In a shallow underwater cave off the southern coast of France, a team of scientists and conservationists discovered a stunningly pristine population of Mediterranean red coral.
“I remember my first thought: ‘Man, I don’t think there’s anything so special in here,’” recalls Joaquim Garrabou, a marine ecologist with the Spanish Research Council and head of the research team. His colleague, Jean-Georges Harmelin, had discovered the site while surveying grouper populations in the Scandola Nature Reserve, off the coast of Corsica.
Garrabou soon changed his tune, when the submerged cliffs of unassuming rock opened into a stunning sight: a cave over 3,000 square feet in area, full of the densest population of large red coral colonies ever discovered, let alone at such a shallow depth. The research team mumbled joyfully to each other through their regulators. The dome-like overhang put ecologist Silvija Kipson in mind of a past trip to the Sistine Chapel: “head constantly up, gazing in awe at a masterpiece crafted by nature.”
“During my twenty-five years as a marine biologist, I’ve never seen something like this,” says Garrabou.
Individual red coral specimens, called colonies, spread vibrant crimson branches from the walls and ceiling of the overhang, their ghostly polyps waving in the current as they filter a meal of algae and zooplankton. Sponges cluster among the coral; a wide variety of fish species shimmer in the dim light.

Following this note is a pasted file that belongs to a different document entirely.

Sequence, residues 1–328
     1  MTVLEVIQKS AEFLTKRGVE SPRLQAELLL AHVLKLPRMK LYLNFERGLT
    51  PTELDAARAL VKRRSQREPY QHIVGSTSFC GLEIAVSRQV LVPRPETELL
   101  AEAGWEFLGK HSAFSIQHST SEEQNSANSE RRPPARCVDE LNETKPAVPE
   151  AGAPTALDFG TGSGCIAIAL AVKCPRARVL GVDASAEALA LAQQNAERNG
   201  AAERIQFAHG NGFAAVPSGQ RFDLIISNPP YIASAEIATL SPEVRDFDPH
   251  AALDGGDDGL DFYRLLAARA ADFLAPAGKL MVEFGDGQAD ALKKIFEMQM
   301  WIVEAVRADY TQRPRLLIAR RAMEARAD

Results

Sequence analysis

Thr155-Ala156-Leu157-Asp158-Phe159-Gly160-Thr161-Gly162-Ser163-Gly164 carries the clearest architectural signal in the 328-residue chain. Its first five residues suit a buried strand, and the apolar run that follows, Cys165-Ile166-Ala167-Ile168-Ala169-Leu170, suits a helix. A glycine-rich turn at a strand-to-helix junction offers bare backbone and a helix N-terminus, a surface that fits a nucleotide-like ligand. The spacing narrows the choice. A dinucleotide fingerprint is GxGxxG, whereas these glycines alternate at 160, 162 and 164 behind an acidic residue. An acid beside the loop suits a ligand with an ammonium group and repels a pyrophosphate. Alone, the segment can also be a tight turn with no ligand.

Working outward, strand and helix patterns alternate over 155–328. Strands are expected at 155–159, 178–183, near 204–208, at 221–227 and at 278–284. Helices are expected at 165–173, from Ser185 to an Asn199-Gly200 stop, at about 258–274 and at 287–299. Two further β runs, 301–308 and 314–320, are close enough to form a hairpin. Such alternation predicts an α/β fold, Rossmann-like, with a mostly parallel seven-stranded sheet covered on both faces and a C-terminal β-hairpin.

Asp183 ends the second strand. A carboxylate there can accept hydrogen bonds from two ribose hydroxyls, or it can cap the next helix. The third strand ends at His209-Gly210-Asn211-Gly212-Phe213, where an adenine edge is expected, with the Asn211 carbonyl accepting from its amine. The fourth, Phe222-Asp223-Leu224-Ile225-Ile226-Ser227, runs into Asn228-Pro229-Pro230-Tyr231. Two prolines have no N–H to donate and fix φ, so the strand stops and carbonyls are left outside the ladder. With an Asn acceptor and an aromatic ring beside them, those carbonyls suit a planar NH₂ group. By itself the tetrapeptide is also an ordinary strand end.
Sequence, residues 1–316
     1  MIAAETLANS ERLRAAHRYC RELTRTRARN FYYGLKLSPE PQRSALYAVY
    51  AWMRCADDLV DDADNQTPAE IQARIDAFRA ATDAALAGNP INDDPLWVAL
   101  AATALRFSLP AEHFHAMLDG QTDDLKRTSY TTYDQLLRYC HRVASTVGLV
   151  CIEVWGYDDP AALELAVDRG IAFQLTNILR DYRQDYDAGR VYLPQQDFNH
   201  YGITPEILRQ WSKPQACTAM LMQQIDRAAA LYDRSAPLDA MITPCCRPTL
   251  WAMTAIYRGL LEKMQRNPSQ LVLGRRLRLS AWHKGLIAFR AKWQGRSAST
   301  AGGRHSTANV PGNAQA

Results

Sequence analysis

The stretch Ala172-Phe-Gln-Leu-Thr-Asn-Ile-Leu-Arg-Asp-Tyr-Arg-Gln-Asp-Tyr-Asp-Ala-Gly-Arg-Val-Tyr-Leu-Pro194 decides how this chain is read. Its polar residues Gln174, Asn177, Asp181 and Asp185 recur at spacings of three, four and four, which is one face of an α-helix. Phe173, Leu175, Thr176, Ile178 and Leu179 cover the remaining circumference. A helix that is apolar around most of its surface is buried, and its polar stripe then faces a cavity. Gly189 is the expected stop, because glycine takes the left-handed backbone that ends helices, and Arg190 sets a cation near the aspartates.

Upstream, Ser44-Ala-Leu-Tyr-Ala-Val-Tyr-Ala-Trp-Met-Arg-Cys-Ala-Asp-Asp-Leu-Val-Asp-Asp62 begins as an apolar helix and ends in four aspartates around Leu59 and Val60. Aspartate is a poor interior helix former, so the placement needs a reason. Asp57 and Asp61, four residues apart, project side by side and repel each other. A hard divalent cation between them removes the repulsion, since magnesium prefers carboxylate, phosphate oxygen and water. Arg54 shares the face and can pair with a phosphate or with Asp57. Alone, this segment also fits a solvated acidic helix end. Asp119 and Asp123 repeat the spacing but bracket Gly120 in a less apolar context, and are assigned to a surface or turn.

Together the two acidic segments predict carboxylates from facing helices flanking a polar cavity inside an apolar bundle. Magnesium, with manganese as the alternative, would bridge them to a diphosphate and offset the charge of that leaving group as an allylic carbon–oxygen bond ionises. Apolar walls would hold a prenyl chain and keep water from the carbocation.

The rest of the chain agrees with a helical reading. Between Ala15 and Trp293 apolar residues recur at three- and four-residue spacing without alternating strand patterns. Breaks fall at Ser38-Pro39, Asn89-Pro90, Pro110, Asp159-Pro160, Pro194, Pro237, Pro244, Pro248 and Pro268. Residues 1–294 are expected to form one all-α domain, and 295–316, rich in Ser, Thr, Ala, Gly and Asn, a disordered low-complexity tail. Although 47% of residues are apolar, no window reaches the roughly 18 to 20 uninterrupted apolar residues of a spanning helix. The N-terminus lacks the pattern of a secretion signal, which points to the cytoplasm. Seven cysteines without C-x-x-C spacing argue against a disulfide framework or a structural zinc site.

“For the first fifteen minutes, we were very focused, taking pictures and making measurements,” says Nuria Teixidó, another member of the research team, which was supported by the National Geographic Society’s Pristine Seas initiative. “But when we finished, we took a little time to ourselves, to observe, to leave the camera and really enjoy, really see…time stopped.” (See breathtaking photos of the Mediterranean from Your Shot photographers.)
Though the discovery was made in 2010, the team's study, published today in Scientific Reports, provides the first public glimpse into this unique site—and into the state of red coral throughout the Mediterranean.
Called Cave b, the place is “like a window to the past,” says Emma Cebrian, a marine ecologist and one of the study’s co-authors, imagining an era before human exploitation of coral.
To sustainably manage marine reserves, conservationists must understand what healthy, pristine ecosystems look like, in order to know how to shape strategies for recovering ecosystems. Cave b, with its mature coral population and thriving community of sponges, fish, zooplankton, and other marine life, paints them a clear target.
Most coral populations in the Mediterranean harbor small, loosely gathered colonies—centuries of overexploitation prevent populations from recovering to full maturity. Prior to the discovery of Cave b, it was thought that larger colonies could only grow in deeper sites. Yet the size and health of Cave b at such a shallow depth contradict this thinking.